Felix Mwema MWEMA
The Nelson Mandela African Institution of Science and Technology, Tanzania
Fluoride pollution in soil is often overlooked in comparison to heavy metals and organic pollutants, but it has negative impact to human health and plants when it exceeds the limits. Fluoride consumption beyond 1.5 mg/L in water can induce a variety of bone disorders, including tooth mottling and lesions of the endocrine glands, thyroid, liver and other organs to humans while on plants it causes necrosis and chlorosis. It is often overlooked because of its ability to affect humans and animal slowly compared to other pollutants like heavy metals. Once fluoride is accumulated in soils, it can appears in different forms and the soluble fluoride is up-taken by plants and finds its way into the food chain imposing health risks on higher trophic levels. The aim of this study was to investigate the spatial distribution of fluoride in cultivated and uncultivated soils and the effects of farming practices on fluoride availability and distribution along the slopes of Mount Meru – a volcanic mountain.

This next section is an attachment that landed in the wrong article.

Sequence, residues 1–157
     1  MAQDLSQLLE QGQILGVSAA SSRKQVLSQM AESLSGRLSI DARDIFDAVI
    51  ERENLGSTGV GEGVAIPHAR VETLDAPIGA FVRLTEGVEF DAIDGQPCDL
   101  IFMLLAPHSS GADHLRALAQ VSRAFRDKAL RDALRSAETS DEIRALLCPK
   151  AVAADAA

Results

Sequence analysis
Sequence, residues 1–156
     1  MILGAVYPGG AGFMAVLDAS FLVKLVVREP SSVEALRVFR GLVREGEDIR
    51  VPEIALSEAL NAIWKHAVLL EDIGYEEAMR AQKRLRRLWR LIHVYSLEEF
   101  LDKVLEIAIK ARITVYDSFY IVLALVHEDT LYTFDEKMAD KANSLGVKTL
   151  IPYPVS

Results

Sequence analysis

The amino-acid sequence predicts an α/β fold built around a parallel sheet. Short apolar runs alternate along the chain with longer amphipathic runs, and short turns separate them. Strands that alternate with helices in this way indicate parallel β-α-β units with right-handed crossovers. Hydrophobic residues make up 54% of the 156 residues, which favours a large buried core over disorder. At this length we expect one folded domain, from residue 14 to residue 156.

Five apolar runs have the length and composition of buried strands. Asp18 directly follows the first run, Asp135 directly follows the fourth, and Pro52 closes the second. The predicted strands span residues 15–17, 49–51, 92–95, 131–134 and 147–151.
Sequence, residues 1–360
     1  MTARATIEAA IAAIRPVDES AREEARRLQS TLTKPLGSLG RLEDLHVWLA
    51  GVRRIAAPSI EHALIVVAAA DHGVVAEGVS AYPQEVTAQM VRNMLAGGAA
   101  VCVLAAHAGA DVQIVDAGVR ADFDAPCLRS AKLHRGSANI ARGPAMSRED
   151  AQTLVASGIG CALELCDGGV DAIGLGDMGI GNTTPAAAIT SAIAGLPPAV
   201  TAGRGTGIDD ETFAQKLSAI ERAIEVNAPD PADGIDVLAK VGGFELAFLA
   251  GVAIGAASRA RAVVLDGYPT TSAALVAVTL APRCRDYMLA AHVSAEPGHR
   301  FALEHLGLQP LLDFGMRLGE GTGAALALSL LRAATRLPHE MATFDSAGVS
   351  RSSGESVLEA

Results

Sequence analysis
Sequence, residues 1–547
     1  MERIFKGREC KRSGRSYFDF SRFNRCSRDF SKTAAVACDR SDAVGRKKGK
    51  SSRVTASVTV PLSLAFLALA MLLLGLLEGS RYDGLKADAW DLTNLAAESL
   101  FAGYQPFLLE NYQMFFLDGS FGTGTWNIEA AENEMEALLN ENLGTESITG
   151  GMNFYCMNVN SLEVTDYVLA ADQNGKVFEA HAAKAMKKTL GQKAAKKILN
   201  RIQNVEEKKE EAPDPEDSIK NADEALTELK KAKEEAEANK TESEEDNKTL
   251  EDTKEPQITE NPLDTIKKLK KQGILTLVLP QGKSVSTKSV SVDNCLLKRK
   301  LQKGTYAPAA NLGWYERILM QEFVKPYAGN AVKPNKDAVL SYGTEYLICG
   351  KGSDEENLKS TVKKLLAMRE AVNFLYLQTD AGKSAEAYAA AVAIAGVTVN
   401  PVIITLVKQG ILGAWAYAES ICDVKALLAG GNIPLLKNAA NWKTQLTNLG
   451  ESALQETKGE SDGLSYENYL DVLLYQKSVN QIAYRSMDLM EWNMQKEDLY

The study area lies in the rift valley zone and its waters is largely used for irrigated agriculture (horticultural crops) is rich in fluoride. Samples from cultivated land were collected from smallholder farms and samples from uncultivated land were collected from Arusha National Park. Soil and water samples were randomly collected from the study area and were analyzed for fluoride content. Results indicate that concentration of fluoride in water and soil samples are higher for cultivated land when compared to uncultivated land. Research is however, ongoing to understand the magnitude of contamination and distribution of fluoride along the landscape.